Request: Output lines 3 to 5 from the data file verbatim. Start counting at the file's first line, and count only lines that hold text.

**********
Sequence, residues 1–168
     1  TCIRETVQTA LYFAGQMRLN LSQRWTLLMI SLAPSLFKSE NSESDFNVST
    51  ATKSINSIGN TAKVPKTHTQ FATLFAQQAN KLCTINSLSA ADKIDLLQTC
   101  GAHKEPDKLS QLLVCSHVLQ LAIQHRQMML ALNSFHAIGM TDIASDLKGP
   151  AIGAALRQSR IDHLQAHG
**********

    51  ATKSINSIGN TAKVPKTHTQ FATLFAQQAN KLCTINSLSA ADKIDLLQTC
   101  GAHKEPDKLS QLLVCSHVLQ LAIQHRQMML ALNSFHAIGM TDIASDLKGP
   151  AIGAALRQSR IDHLQAHG